We are moving from an era where the internet’s underlying routing vulnerabilities were often accidentally triggered to one where they are now being actively exploited. And, as these attacks escalate in both number and severity, the damage they wreak will increase proportionately. Personal inconveniences will pale in comparison to the long-term impacts of widespread internet outages on enterprises and organisations. Just consider the possible outcomes of the following scenarios:
- Financial markets in Europe and North America going dark
- Cloud-connected utilities systems going off the grid
- Hospitals losing connections to cloud-based patient data and reference materials
These scenarios, even if they last for just a few hours, will have dramatic and costly impacts at levels we are only now beginning to understand and appreciate – on businesses, on the economy and on people’s lives.
The goal for 2017 must be to find an appropriate alternative to the public internet, so that organisations are not reliant on a single source for their business to run smoothly and securely.
We can no longer rely on ‘hope and prayer’ as our connectivity and security strategy. This isn’t just imperative to businesses. Our personal and professional lives are already intertwined through technology, and as time goes on, these bonds will only become tighter. Just as the enterprise moving mission-critical apps outside of its internal network can open it to the failings of the public internet, and potentially become victims of those failings, the individual will become just as exposed to these same vulnerabilities. In other words, individuals have just as much skin in this game as companies do.
We need to find a practical alternative to the public internet. Thanks to software-defined interconnection technology, setting up direct connections to critical cloud services, vendors and partners is no longer an expensive, painstaking process. A network of private, secure connections that bypass the public internet and protect against the impacts of an outage is now just a few clicks away.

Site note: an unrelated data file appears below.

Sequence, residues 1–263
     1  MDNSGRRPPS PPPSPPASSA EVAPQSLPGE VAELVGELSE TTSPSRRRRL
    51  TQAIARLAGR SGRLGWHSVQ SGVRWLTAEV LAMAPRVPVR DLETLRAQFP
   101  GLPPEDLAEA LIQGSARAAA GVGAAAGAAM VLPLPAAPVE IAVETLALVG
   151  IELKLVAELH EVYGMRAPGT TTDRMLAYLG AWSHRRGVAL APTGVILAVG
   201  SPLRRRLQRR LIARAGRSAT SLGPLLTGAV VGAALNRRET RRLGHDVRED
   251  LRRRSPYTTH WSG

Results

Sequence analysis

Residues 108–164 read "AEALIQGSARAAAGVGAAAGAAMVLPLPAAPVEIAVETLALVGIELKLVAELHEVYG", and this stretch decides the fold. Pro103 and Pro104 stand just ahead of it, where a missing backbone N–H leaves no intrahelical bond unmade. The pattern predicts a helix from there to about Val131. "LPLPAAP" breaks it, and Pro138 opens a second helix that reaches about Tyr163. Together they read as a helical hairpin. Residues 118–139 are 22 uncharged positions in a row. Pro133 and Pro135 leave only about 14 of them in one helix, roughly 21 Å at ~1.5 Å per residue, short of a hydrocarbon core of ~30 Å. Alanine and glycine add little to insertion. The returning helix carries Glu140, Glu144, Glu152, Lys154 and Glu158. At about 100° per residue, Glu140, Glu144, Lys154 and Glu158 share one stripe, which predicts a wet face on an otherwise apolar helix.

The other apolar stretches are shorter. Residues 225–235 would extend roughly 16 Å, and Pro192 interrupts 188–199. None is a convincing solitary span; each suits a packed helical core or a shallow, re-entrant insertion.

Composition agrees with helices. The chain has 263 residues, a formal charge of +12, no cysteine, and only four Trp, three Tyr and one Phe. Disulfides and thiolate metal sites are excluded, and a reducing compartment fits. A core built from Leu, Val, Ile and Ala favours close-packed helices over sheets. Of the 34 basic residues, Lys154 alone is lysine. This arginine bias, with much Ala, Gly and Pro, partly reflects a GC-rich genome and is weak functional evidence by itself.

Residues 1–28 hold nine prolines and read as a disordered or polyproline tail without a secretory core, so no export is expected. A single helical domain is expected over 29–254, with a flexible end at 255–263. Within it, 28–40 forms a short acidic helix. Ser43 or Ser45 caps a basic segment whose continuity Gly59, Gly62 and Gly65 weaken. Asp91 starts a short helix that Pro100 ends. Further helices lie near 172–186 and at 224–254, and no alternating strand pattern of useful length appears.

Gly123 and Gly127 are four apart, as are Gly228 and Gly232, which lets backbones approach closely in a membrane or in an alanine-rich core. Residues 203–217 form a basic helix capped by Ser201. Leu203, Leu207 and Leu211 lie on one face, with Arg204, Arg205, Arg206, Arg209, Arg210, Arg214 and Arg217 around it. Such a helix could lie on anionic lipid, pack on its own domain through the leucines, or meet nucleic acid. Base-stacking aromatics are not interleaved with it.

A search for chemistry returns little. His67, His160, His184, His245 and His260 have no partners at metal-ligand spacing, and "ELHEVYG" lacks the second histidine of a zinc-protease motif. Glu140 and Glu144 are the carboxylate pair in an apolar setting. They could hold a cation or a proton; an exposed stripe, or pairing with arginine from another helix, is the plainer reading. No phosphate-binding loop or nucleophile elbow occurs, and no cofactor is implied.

That means anyone who relies on a network connection to operate now has a viable alternative to the public internet. But, it also means that they no longer have an excuse to delay the critical steps required to protect against the inevitable outages that the internet will see from now on.
How businesses are using APIs in their IT infrastructure to drive innovation
By Guest Contributor Published: 06:00, 9 March, 2017 Updated: 00:00, 14 March, 2017
by David Grimes, VP of Product Engineering at Navisite
Companies are often seeking ways to reduce costs and increase efficiency, while simultaneously maintaining excellent quality in their products and services. IT departments and service providers are increasingly looking to use APIs (Application Programming Interfaces – sets of routines, protocols, and tools for building software applications) to enable automation and therefore increase consistency and efficiency while significantly reducing costs. How are APIs being used by IT departments and what are the opportunities for further development?
Enhancing operational efficiency
One important outcome of the automation enabled by APIs is consistency. Through automation, businesses remove human error (and human expense) from operational processes. Even when a repeatable task is well-documented with a clear procedure, when human workers perform the task it is likely that you will end up with varied outcomes. On the other hand, if that repeatable task is automated, it will be performed in the same way every time, improving operational reliability and in turn operational efficiency. API enabled platforms are driving a true re-think in how we manage IT; we are moving quickly from a process-driven, reactive world to an automation-driven, proactive world.
Automating DevOps processes
APIs allow for more dynamic systems that can scale up and down to deliver just the right amount of infrastructure to the application at all times. For example, instrumentation in your application that provides visibility to an orchestration layer can tell when more capacity is required in the web or app tier. The orchestration layer can then come back to the APIs provided by the infrastructure and begin spinning up new web servers and adding them to the load balancer pool to increase capacity. Likewise, systems built on APIs will then have the instrumentation to tell when they are overbuilt, for example at night and can then use the APIs to wind down unnecessary servers in order to reduce costs.
Indeed, through the ability to script the powering-on of development and testing environments at the start of the business day and automatically powering-off at the end of the business day, businesses can realise huge cost-savings on their hosting up to 50-60 per cent in some cases.
Overall, leveraging APIs in support of a DevOps strategy is always a blend of optimising for cost, for performance and the ability to have deep app-level visibility.
Automating reporting using APIs